Notes: Angelface Universe, set sometime after Jimmy Novak was revealed to be alive and living as (the human) Castiel and accomplice to the infamous Winchester brothers. A big thankyou to OneLastCigarette for giving me the idea, and to Aithilin for her usual patience.

A note to any newcomers - it's highly suggested that you read Angelface first, so you have a handle on the basic premise of the AU.



Claire didn't talk about her father much. In fact, most of the time she went around pretending that he didn't exist. It was much easier than facing up to reality, the comments from her peers, her mother's quiet watchfulness, and the child psychiatrist she was determined never to go back to. She had only been twice. Once when her father disappeared, and again when he showed up on the news.

The first time she was ten years old and her father had just skipped out on them. The false brightness of the office still didn't detract from the judging stare of a woman forty years too old to relate to anything she might have wanted to say.

Claire remembered thinking that the psychiatrist was only using information about children that she'd read in a textbook, that there was no way this woman remembered what it was like to be ten years old. She remembered trips to the guidance office at school, where a nun with a degree in social and community service would show her the box of tissues on the desk and ask if there was anything the school could do to make it easier on her. While she sat there, stiff-backed in the overlarge chair (why did counsellors always have too-big chairs?), knowing full well that this was a secret assessment to make sure she wasn't going to act out.

Most of all, Claire remembered her mother watching her through eyes that were swollen and red from crying. She remembered the assumption that her father was dead, rather than just gone. She couldn't remember where she'd gotten that idea, but it seemed to fit with how her mother didn't want to tell her anything about it. All of their family pictures stayed on the wall and her mother never took off her wedding ring, so Claire had just assumed.

Two and a half years later when the man from the FBI showed up on their doorstep, just hours before the news story broke, Claire had been banished to her room while her mother and the man spoke. She had crept back downstairs to listen anyway, and remembered a feeling of numbness as she'd listened in. Her mother hadn't let her watch the news that night, but Claire had gone to the network's website and watched it online.

She was sent to see the psychiatrist for a second time after that, the office as uncomfortable and the woman as severe as she remembered. She'd decided then and there that she never, ever wanted to be back in that office, so she'd lied and pretended that she was fine. Doing the same at the guidance office at school was even easier.

The comments in class and at lunchtime were harder to ignore, but somehow Claire made herself act as if she didn't even hear them talking about her father. She ignored the sudden surge of interest in serial-killer culture at school, concentrated on her studies, and dropped several friends when they wouldn't shut up about Jimmy Novak and the Winchesters. (God, it was like they were pop stars. 'And now here's Jimmy Novak and the Winchesters, performing their number one hit, I Shot You In the Face With A 12-Gauge'.)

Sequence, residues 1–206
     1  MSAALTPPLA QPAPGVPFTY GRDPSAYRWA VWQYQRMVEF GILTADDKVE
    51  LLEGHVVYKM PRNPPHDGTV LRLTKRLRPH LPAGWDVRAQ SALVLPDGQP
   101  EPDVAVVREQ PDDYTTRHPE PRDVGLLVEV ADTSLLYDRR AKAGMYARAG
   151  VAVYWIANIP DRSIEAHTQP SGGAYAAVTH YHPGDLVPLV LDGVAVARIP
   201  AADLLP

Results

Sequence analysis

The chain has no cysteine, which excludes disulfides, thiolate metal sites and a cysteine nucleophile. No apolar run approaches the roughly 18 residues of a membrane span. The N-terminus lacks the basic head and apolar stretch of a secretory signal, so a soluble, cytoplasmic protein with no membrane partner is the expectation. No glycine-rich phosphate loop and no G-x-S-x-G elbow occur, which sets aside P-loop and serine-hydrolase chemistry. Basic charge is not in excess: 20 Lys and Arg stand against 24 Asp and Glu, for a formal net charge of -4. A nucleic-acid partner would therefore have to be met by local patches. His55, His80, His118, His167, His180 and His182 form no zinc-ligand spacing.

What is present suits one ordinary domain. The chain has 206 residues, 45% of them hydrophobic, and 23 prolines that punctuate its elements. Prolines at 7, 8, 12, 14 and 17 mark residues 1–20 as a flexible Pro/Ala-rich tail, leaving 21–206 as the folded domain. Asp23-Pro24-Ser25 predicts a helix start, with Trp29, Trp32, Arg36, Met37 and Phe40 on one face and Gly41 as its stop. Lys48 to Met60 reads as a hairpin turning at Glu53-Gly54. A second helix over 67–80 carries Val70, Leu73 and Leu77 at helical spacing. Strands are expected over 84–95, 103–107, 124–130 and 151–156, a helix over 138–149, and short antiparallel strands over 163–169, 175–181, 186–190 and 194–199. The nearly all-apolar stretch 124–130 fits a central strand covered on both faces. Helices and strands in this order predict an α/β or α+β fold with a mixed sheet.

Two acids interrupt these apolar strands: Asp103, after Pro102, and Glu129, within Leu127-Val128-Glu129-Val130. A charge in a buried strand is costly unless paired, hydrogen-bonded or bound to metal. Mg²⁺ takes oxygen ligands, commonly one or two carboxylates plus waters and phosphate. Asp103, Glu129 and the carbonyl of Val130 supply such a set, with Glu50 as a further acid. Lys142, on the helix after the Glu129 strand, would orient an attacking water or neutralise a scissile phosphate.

A few months later the hysteria died down and Claire was left alone. She watched her teachers watch her, kept her grades at a steady A-, and went to the mall on weekends with her friends.

Outwardly she was everything a well-adjusted teenager should be. She was a good student, a good friend, a good daughter, and even a good Catholic. She went to church with her mother, got along well with her mother's new boyfriend.

Naturally, it was too good to be true.

On the inside Claire knew full well that she was a wreck. She'd read plenty about basic psychology on the web, read everything there was on dealing with grief and possible depression in young people. She knew all about denial, anger and acceptance – she could recite statistics about teen suicides without needing to reach for any books. None of it really helped. There was no self-help handbook titled 'Help, My Father is a Serial Killer'. She'd done enough searches. One day, if she actually managed to figure it all out, she might write one.

In the meantime she spent a great deal of time thinking. She composed letters to her father in her head, never daring to actually write them down in case her mother found them. (She wasn't going to buy that one-way ticket back to the psychiatrist. Thanks, but no thanks.) Most of them started with 'Dear Serial-Killing, Possibly Satanic Dad...' Which sounded sarcastic even in her head.

If it had been possible for her to send them she didn't know whether she would. After all, she didn't know the man. She hadn't known him for years, maybe hadn't known him her whole life. The man who's blank-faced picture stared at her from her computer screen wasn't the same smiling father she remembered.

Claire never mentioned her letters to anyone, always wiped her browser history clean before she got off the computer (just in case her mother went snooping). The links in her favourites were to reference sites for schoolwork and blogs full of cute fluffy animals, a couple of online stores she had bookmarked but never tried to spend her allowance on.

Outwardly, Claire didn't talk about her father much. In fact, outwardly, you would think he didn't even exist.